The classical music of Southern India, Carnatic music, is considered one of the oldest systems of music in the world. Carnatic music is a very complex system of music that requires much thought, both artistically and technically. The basis of Carnatic music is the system of ragas (melodic scales) and talas (rhythmic cycles). There are seven rhythmic cycles and 72 fundamental ragas. All other ragas are considered to have originated from these. An elaborate pattern exists for identifying these scales, known as the 72 Melakarta Raagas. Tyagaraja, Muthuswami Dikshitar and Shyama Shastri, the three saint composers of the 19th century, have composed thousands of krithis that remain fresh among musicians and rasikas. The most important specialty of Carnatic music is its highly devotional element. The concept of the compositions is set entirely against a devotional outline. The notes of Carnatic music are “sa-ri-gaa-ma-pa-da-ni”. These are abbreviations of the real names of swaras, which are Shadjam, Rishabham, Gandharam, Madhyamam, Panchamam, Dhaivatam and Nishaadam.
Each note of the pattern (the swaraa) will have up to three varieties. The only exceptions for this are the two base notes shadjam and panchamam, sa & pa which have only one form, and madhyamam, the middle swara, which has only two notes. Spirituality has always been the prominent content of Carnatic music. The beautiful blending of the beauty and devotional element has made it extraordinary and divine.
Carnatic music is usually performed by a small ensemble of musicians, consisting of a principal performer (usually a vocalist), a melodic accompaniment (usually a violin), a rhythm accompaniment (usually a mridangam), and a tambura, which acts as a drone throughout the performance. Other typical instruments used in performances may include the ghatam, kanjira, morsing, veena & flute. Defining elements of Carnatic music are a nasal timbre used both vocally and instrumentally, and improvisation. Carnatic music festivals take place in many Southern Indian Cities such as Chennai, Bengaluru, and Thiruvananthapuram.
Despite the fact that most of the gods being worshipped in South India classical music take on a feminine form, women in India have only recently (since the mid 20th century) become involved in the performance of Carnatic music. According to Amanda Weidman, whose ethnography on gender and the politics of voice describes the inner merging of the female artist and the musical voice in South India, women of high respect have made their way into the performance of classical music through the redefinition of classical in the 1940’s as a natural expression of devotion. Womanly behavior at that time highlighted naturalness and meaning. “Although seemingly opposite, the roles of artist and respectable woman reinforce each other; the “natural” voice of the artist was-and still is-identified with the chaste body of the respectable woman. To “come into voice” on the classical stage, then, involves engaging not just the conventions of musical art, but the conventions of female respectability.” (Weidman 222) Drawing back on the text, women in India today are very much involved in Carnatic musical performance, however, there are still boundaries that must be overcome. For example, women do not tend to play percussion and reed instruments, and stick mostly to vocal parts. That is not to say, however that there are not many females who have made careers out of their music and have become leading vocalists in India.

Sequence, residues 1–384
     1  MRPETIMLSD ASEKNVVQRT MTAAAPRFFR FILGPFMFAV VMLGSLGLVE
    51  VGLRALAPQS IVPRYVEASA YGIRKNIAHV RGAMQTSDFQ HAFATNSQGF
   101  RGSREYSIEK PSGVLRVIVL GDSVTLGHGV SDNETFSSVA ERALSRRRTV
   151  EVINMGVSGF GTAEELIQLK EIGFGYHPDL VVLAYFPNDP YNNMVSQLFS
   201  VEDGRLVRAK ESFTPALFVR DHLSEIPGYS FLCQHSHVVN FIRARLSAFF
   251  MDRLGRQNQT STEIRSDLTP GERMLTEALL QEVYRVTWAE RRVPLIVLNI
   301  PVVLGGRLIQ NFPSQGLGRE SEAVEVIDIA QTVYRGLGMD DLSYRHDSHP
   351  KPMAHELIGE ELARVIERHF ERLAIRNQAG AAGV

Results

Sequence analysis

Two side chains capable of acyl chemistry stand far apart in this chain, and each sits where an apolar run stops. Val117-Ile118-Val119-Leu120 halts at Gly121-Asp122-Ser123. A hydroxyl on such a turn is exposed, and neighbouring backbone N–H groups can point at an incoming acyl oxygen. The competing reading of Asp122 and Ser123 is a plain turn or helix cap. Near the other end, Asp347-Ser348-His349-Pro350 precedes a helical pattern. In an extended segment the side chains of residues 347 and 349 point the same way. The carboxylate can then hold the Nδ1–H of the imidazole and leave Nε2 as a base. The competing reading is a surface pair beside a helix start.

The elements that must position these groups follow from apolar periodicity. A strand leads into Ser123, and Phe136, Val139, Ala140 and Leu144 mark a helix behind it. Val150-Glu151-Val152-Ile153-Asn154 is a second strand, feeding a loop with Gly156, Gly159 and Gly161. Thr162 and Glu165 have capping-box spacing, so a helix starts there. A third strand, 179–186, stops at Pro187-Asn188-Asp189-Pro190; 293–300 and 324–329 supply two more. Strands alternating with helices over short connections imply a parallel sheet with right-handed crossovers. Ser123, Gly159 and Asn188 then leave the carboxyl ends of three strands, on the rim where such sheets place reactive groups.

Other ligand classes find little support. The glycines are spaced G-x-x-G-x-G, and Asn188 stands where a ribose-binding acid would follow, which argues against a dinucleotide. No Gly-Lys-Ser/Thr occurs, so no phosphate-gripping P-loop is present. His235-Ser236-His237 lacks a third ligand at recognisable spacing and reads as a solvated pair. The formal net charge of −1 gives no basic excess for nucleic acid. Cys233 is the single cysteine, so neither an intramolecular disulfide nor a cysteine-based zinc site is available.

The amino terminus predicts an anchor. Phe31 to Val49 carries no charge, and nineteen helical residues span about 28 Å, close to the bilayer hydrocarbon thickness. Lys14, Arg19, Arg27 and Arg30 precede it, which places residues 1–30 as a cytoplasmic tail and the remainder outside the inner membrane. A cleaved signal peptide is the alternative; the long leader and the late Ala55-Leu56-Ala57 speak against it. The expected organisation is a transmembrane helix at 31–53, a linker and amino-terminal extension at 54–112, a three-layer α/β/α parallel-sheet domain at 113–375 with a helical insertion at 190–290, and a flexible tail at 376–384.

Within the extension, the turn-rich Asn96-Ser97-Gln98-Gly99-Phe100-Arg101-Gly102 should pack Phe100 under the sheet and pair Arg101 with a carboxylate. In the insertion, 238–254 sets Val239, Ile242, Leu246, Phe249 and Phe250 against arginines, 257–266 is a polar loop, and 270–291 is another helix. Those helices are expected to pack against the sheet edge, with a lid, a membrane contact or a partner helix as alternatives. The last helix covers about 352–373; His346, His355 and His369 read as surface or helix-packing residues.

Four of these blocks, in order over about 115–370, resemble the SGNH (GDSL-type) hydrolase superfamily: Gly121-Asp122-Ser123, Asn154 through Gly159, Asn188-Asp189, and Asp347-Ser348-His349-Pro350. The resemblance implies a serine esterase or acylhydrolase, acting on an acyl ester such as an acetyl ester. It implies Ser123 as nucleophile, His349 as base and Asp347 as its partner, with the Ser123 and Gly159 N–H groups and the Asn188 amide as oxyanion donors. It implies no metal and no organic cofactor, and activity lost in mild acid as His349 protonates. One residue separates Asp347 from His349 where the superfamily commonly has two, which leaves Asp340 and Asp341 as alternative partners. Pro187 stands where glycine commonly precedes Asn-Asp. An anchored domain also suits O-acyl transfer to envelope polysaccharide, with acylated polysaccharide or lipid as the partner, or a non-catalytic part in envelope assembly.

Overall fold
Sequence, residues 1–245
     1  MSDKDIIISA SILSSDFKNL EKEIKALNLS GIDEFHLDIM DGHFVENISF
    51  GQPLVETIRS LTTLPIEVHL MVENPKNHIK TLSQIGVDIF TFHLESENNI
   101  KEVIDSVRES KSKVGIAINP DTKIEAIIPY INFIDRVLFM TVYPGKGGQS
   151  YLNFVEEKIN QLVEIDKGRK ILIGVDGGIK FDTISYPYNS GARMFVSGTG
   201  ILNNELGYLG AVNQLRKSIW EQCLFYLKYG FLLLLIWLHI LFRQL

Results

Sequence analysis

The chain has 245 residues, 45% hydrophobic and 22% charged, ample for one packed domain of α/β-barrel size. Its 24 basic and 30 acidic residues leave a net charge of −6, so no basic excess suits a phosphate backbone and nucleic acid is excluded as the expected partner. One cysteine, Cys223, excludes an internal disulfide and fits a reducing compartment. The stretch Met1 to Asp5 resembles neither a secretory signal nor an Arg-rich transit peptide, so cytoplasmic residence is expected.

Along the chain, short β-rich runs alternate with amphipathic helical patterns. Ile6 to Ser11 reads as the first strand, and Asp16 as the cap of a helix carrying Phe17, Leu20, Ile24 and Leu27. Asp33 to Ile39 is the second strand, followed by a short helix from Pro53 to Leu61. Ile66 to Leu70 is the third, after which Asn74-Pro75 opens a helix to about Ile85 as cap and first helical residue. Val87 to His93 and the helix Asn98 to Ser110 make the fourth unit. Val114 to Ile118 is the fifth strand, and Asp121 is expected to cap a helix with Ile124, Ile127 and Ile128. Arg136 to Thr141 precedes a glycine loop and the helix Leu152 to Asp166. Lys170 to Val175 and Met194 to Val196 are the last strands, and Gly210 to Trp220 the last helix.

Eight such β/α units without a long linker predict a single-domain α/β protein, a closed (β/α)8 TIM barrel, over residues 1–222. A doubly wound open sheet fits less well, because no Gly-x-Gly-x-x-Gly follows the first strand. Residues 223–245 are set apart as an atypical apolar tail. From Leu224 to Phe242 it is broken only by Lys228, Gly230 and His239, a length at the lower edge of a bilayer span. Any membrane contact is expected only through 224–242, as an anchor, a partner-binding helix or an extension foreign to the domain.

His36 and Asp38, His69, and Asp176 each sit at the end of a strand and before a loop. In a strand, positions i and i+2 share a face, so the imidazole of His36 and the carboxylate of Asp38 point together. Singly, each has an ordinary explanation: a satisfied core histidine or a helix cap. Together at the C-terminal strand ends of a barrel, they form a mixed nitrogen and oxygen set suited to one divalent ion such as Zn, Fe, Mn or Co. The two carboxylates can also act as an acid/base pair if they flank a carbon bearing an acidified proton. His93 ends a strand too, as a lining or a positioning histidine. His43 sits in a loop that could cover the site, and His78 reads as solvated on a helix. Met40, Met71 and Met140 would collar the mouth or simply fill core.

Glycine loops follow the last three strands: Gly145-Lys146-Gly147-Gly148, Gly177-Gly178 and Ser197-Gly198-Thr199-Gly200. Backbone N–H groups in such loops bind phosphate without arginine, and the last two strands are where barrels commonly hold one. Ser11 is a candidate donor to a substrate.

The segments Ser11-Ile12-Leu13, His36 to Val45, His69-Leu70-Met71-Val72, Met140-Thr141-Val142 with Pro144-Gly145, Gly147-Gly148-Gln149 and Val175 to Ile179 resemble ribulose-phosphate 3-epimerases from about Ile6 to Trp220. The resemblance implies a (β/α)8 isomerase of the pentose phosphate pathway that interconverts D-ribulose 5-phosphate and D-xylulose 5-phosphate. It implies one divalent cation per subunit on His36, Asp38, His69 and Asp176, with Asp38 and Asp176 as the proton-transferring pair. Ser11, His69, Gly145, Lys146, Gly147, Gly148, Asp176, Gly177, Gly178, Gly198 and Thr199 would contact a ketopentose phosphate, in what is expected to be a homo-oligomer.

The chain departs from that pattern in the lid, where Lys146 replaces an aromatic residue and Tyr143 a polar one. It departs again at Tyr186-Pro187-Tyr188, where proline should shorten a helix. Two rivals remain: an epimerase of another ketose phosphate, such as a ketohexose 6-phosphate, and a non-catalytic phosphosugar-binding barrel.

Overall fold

Titon, Jeff Todd. Worlds of Music: An Introduction to the Music of the World’s Peoples. Belmont, CA: Schirmer Cengage Learning, 2009. 277-298. Print.
Weidman, Amanda. “Gender and the Politics of Voice: Colonial Modernity and Classical Music in South India.” Cultural Anthropology,. . 2Blackwell Publishing, 2003. 194-223. Print.
“Ardhana NH.” About Carnatic Music. N.p., n.d. Web. 6 Dec 2011. <http://www.aradhana-nh.com/carnatic_music.php>.
“South Asian arts.” Encyclopædia Britannica. Encyclopædia Britannica Online Academic Edition. Encyclopædia Britannica Inc., 2011. Web. 06 Dec. 2011. <http://www.britannica.com/EBchecked/topic/556016/South-Asian-arts>.